46 Washington’s Governance Structure

47 Governance Chartering

48 Governance Chartering
A Governance Charter communicates to your organization how and why decisions will be made (IT and/or business). Charter includes: Preamble Introduction Values Information Technology Governance Council, Advisory Committees and Task Forces Organization Structure Overview IT Governance Board Mission Responsibilities Membership Meetings and Attendance Decision Process Exception Process Advisory Committees Reporting Task Forces Responsibilities Membership Meetings and Attendance Reporting Decision Process IT Operating Principles General Policies, Standards and Oversight Resources Project Management Security Systems and Networks (Including Desktops) Applications Data and Information

49 Governance Chartering
Governance Board Purpose/Responsibilities - Example Working with Executive Leadership to understand business needs and set department direction, the IT Governance Board will be responsible for: Identifying, developing, and recommending IT policies (Policies are approved by Executive Staff) Developing and approving implementation procedures, and tracking and monitoring processes to support IT policy Establishing department-wide automation priorities, including new development and on-going maintenance operations Approving information technology projects that fit within existing budget resources Recommending information technology projects that require budget augmentation (BCPs) for approval by Executive Staff Approving the allocation of resources to support automation (staff and dollars) Working to resolve IT issues and challenges Monitoring implementation of the IT strategic direction Communicating directions or decisions with Executive Staff and the organization, using existing communication and change management vehicles as appropriate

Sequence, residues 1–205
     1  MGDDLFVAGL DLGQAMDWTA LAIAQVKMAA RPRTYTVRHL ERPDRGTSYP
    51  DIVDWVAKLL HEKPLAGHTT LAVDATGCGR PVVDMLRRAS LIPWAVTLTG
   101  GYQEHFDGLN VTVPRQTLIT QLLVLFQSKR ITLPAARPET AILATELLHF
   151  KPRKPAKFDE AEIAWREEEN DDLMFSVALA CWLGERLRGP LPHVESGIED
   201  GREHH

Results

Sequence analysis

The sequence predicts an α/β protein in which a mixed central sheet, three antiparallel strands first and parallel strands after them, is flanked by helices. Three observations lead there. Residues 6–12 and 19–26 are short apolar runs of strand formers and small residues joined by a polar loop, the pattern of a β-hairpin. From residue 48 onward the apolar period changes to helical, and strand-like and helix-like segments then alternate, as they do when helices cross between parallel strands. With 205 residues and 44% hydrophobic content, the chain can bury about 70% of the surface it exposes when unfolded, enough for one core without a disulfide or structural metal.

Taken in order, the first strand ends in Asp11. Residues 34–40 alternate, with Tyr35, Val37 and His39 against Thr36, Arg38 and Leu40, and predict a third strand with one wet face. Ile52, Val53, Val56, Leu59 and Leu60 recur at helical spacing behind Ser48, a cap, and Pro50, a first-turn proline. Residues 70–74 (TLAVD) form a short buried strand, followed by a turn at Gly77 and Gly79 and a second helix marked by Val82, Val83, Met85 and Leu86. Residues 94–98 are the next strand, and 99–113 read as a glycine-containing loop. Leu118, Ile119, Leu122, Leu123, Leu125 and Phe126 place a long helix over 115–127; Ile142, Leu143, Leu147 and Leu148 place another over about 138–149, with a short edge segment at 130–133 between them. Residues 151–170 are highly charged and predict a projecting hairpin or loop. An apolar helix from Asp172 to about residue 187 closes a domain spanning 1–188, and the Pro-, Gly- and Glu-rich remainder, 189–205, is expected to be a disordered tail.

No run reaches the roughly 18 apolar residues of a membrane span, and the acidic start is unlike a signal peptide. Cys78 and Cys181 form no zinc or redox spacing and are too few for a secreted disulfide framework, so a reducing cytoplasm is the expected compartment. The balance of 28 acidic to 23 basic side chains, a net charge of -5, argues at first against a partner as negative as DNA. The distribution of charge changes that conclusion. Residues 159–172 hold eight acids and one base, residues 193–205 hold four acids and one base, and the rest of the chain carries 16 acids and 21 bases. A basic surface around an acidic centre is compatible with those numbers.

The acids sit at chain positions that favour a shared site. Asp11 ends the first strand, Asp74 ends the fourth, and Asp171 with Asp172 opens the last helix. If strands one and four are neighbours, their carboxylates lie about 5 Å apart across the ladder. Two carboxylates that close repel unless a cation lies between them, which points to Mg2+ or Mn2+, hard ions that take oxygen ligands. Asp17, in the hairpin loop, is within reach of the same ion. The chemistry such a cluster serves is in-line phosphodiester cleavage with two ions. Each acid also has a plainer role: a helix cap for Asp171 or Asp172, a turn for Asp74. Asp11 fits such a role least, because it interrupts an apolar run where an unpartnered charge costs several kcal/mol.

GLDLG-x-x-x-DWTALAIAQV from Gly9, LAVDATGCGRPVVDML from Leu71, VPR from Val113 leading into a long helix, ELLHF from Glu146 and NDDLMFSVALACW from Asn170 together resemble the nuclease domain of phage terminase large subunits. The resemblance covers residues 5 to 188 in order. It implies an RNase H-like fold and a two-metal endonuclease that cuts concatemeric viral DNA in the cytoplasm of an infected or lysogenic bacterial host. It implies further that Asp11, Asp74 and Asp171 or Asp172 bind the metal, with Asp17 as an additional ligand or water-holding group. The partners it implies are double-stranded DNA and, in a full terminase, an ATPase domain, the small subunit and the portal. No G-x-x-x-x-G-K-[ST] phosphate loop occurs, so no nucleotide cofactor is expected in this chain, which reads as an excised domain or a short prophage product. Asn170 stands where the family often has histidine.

50 Strategies Please note:
The following Strategies were discussed high level in concept only. They should be viewed as things to consider only.

51 Enterprise Implementation Strategies
We will identify our community’s common goals and requirements. We will implement a formalized process to ensure our collaboration leads to active decision-making (e.g., expand governance framework). Establish project governance that ensures timely decision-making while taking into consideration staff input. Develop a business driven technical architecture that establishes capability standards. Identify shared application services that can be leveraged by the core system and interfacing applications. Design data logically to support a single customer based system.